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Port of Montreal strike end nears after lawmakers OK back-to-work legislation

Back-to-work legislation could take effect Saturday if Senate approves bill

Longshoremen at the Port of Montreal began a general strike on Monday. (Photo: Montreal Port Authority)

The strike at the Port of Montreal moved a step closer to ending after lawmakers in Canada’s House of Commons approved back-to-work legislation early Thursday.

The legislation, Bill C-29, will require longshoremen at the port to return to work immediately after it takes effect. That could come as early as 12:01 a.m. Saturday if the Senate approves the bill on Friday, which is likely. 

The longshoremen, represented by Canadian Union of Public Employees Local (CUPE) 375, will be prohibited from further strikes until they reach a new collective bargaining agreement with the Maritime Employers Association (MEA). 

The bill’s passage drew a rebuke from CUPE, which called it “an assault on the rights of 1,150 striking workers at the Port of Montreal.”

The federal Labor Minister Filomena Tassi said the government moved ahead with the legislation because the damage to the supply chain and Canadian economy was too grave to allow the strike to continue. 

“The situation now is dire and the consequences are going to be very hurtful for Canadians across this country, ” Tassi told members of parliament on Wednesday, adding that the strike cost the economy up to $80 million per week.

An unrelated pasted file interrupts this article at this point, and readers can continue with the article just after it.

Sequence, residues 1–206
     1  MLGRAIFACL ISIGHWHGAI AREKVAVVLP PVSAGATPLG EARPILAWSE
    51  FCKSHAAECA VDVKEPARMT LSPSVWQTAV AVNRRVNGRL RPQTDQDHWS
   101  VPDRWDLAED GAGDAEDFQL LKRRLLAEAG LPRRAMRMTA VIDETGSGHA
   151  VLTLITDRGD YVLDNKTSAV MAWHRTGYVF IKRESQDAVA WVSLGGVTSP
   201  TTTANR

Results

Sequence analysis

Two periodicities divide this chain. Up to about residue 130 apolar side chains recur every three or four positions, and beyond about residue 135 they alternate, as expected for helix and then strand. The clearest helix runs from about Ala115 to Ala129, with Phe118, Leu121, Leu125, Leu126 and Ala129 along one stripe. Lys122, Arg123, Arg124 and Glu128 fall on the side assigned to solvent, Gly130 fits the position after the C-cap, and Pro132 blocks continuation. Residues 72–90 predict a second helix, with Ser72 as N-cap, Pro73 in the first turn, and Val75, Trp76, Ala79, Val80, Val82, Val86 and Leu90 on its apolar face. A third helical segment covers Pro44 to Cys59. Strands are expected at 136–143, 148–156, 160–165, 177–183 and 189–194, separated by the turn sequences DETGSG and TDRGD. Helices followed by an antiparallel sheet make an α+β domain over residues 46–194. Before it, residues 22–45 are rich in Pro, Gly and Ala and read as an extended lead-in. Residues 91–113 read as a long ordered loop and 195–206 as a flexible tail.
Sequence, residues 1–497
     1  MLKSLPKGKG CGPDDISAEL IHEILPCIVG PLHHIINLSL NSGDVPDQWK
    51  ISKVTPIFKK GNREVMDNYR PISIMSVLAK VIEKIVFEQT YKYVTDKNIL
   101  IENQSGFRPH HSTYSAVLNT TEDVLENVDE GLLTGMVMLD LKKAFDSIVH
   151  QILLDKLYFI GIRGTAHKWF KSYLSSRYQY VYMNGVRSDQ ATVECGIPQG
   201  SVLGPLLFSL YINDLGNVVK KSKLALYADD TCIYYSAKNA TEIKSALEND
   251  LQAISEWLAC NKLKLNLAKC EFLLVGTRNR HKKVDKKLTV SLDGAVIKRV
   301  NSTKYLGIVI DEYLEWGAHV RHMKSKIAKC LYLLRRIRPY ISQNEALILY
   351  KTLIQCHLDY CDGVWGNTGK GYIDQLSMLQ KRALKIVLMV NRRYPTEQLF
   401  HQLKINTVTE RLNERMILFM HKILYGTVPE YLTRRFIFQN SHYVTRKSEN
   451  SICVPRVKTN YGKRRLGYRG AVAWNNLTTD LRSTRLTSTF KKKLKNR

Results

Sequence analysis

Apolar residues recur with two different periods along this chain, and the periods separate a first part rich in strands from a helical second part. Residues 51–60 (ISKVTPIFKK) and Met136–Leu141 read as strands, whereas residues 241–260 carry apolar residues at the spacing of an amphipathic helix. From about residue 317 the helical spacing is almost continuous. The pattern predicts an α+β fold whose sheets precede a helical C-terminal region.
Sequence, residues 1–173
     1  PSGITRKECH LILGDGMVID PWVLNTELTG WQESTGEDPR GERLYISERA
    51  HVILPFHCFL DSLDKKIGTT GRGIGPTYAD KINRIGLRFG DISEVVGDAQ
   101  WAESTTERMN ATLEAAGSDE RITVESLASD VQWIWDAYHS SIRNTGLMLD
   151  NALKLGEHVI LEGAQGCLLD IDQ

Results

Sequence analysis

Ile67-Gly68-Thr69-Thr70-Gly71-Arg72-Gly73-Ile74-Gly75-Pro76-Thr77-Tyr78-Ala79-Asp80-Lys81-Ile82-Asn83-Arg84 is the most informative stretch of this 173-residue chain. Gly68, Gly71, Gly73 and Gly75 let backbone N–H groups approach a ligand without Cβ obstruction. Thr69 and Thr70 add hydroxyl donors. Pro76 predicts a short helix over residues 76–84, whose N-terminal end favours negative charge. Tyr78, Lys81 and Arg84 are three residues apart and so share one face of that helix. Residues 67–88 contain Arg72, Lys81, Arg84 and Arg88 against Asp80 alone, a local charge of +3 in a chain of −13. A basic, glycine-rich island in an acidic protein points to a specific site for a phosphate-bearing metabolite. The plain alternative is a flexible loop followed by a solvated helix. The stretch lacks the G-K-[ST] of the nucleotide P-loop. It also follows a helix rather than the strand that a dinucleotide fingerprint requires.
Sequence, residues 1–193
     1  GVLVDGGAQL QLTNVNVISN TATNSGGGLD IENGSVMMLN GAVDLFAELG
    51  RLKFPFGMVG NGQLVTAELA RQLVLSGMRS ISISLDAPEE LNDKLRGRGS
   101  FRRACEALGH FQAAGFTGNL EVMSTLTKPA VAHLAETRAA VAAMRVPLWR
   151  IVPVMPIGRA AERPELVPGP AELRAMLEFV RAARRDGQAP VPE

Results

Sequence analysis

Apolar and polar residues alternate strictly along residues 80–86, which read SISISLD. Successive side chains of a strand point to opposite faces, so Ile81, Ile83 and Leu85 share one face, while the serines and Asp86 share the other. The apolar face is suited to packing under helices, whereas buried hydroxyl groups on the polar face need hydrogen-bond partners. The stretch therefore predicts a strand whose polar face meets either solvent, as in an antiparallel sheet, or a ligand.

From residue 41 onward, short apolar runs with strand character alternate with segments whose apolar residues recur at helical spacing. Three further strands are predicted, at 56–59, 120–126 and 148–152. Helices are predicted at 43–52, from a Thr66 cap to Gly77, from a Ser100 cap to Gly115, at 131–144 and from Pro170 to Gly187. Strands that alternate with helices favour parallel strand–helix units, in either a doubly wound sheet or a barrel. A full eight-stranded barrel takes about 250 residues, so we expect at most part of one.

The longshoremen began a general strike on Monday, which shut down most cargo operations at Canada’s second-busiest port. It came less than a year after an 11-day strike, which ended in a truce. 

Relations between the dockworkers and the port employers quickly deteriorated after the truce expired in March. The longshoremen began a partial strike after the MEA suspended a guarantee of minimum pay and moved to a general strike in response to a change in work schedules.

The MEA said the measures were in response to a drop in port cargo volumes resulting from the labor dispute. 

The longshoremen have been without a contract since late 2018. While the details of the contract talks haven’t been made public, union officials have said the key sticking points include working conditions and work-life balance, pointing to schedules that can require longshoremen to work 19 out of 21 days at times. 

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Nate Tabak

Nate Tabak is a Toronto-based journalist and producer who covers cybersecurity and cross-border trucking and logistics for FreightWaves. He spent seven years reporting stories in the Balkans and Eastern Europe as a reporter, producer and editor based in Kosovo. He previously worked at newspapers in the San Francisco Bay Area, including the San Jose Mercury News. He graduated from UC Berkeley, where he studied the history of American policing. Contact Nate at [email protected].